Will Alcohol Make Antibiotics Less Effective?

According to the Centers for Disease Control and Prevention's (CDC) 2020 annual report on outpatient antibiotic prescriptions, 201.9 million antibiotic prescriptions — equivalent to 613 antibiotic prescriptions per 1,000 people — were issued that year. Given the widespread use of antibiotics, it's important to understand what they are, how they work, and what substances interact negatively with them. 

The Merck Manual defines antibiotics as a class of drugs used to treat bacterial infections. Antibiotics either kill bacteria or inhibit their reproduction. Given that antibiotics target bacterial infections, it's important to note they have no impact on viral infections, such as the common cold or flu. In order to get the maximum benefits of an antibiotic prescription, it's imperative that the directions be followed and all warning labels are read carefully. One warning advises consumers not to take their medication while consuming alcohol and often lists potential side effects that may occur. 

Antibiotics can cause significant side effects, such as gastrointestinal upset, nausea, vomiting, anxiety, dizziness, and high blood pressure on their own (via GoodRx). Mixing alcohol with antibiotics can exacerbate these side effects, given alcohol causes gastrointestinal symptoms and loss of coordination, and can reduce the body's ability to fight infections (via Healthline). Alcohol raises the risk for adverse side effects caused by antibiotics, but does it decrease their effectiveness?

The physical impact of taking antibiotics with alcohol

Alcohol consumption while taking antibiotics is generally frowned upon, specifically because mixing the two substances can lead to numerous negative side effects. The most common side effect is a "disulfiram-like reaction." This is caused by a process in the body that produces symptoms similar to when alcohol is consumed after taking disulfiram. Disulfiram is an oral drug used for treating alcoholism and causes undesirable physical symptoms when alcohol is consumed (via MedicineNet). Symptoms of a "disulfiram-like reaction" include headache, flushed skin, nausea, vomiting, chest pain, and rapid heart rate (via Drugs.com).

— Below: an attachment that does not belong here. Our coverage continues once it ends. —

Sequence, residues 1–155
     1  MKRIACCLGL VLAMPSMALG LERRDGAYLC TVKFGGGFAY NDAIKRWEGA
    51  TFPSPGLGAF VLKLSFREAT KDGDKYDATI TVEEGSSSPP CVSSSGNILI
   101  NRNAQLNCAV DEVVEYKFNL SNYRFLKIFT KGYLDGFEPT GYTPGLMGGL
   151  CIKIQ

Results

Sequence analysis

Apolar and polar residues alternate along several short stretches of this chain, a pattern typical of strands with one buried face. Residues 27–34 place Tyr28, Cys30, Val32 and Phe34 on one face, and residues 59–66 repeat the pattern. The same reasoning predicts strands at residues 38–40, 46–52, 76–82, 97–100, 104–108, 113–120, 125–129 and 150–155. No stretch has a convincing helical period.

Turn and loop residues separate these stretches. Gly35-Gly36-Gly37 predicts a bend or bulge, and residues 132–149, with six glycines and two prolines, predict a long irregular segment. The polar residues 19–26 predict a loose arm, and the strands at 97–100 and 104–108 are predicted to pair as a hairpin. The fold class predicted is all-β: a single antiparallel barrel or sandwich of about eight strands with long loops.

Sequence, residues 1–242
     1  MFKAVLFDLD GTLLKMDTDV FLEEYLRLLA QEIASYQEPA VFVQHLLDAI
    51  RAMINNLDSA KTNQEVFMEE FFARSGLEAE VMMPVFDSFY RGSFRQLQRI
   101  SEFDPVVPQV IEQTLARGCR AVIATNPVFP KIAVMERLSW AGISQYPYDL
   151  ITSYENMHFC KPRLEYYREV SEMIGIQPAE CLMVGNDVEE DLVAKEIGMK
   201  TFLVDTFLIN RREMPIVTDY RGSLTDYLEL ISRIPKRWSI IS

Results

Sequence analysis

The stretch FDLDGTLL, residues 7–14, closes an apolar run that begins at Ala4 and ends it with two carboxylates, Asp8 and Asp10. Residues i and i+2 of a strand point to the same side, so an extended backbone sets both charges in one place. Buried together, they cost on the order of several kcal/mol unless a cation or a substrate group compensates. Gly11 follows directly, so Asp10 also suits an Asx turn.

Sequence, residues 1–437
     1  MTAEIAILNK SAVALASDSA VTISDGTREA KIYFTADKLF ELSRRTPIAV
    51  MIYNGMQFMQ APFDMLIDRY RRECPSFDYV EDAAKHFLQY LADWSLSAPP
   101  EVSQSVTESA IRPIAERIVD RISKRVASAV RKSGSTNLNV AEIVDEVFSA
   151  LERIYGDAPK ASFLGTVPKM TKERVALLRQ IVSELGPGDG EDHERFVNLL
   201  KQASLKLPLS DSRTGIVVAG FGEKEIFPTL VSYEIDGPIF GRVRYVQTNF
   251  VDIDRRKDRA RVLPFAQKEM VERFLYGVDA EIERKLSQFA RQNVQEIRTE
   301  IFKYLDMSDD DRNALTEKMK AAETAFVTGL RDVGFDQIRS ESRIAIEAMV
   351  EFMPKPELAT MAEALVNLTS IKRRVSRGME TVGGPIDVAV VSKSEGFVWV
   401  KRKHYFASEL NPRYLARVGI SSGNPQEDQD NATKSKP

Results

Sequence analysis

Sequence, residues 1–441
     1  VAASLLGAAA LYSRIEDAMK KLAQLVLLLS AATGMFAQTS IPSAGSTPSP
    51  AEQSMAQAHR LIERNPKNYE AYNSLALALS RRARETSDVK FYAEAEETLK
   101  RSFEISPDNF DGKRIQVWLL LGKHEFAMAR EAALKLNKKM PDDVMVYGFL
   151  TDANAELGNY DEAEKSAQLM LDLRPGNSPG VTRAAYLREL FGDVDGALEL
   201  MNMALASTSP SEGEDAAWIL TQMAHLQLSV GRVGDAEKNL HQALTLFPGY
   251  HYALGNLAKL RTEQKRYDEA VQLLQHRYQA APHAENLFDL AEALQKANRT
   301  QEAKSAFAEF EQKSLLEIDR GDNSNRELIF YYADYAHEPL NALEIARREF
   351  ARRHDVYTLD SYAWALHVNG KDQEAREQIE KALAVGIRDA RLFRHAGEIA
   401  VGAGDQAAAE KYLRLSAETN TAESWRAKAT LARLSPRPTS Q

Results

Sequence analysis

Alcohol can also depress the central nervous system (CNS), and there are antibiotics that act as CNS depressants as well. When the two are combined, the CNS side effects are exacerbated. Patients who combine antibiotics and alcohol may experience side effects that range in severity, depending on the medication they are taking. When combined with oxazolidinones, for example, alcohol can lead to the following side effects — agitation, unusual sweating, rapid heartbeat, elevated blood pressure, altered mental status, vomiting, seizures, muscle spasms, and cardiorespiratory depression. Fluoroquinolones can cause potential mental health side effects, such as confusion and memory loss. When mixed with alcohol, nitroimidazoles can lead to a "disulfiram-like reaction" (via MedicalNewsToday).

Does alcohol impact the effectiveness of antibiotics?

Will alcohol impact an antibiotic's ability to fight infection? Apparently, the answer depends on what antibiotic you are taking. 

According to a 2020 article published in Antimicrobial Agents and Chemotherapy, certain antibiotics aren't impacted by the presence of alcohol, whereas others impacted efficacy. According to the article, the only antibiotic listed to have its efficacy negatively impacted by alcohol was doxycycline. When administered to rats as part of a liquid diet, it decreased the infection cure rate to 64.7% in alcohol-fed rats vs. 100% in those without. 

Doxycycline is a tetracycline derivative. These antibiotics may be used to treat infections caused by susceptible microorganisms, such as gram-positive and gram-negative bacteria, chlamydia, mycoplasma, protozoans, or rickettsiae (via Drugs.com). 

Conversely, levofloxacin, moxifloxacin, and trovafloxacin had improved efficacy in alcohol-fed rats, compared to alcohol-free rats. Levofloxacin, moxifloxacin, and trovafloxacin belong to a class of antibiotics known as fluoroquinolones. Fluoroquinolones proved equally effective at improving survival and had improved efficacy in alcohol-fed rats. Moxifloxacin supported increased efficacy in alcohol-fed rats, given those without alcohol showed dose-dependent survival. 

According to the article published in Antimicrobial Agents and Chemotherapy, currently, there is no data suggesting that alcohol impacts the efficacy of the following antibiotic classes: beta-lactams, macrolides, nitrofurantoin, nitroimidazoles, sulfa antibiotics, oxazolidinones, and antimycobacterials. Make sure to consult your pharmacist or physician regarding the interactions between your prescription and alcohol for beginning a course of antibiotics.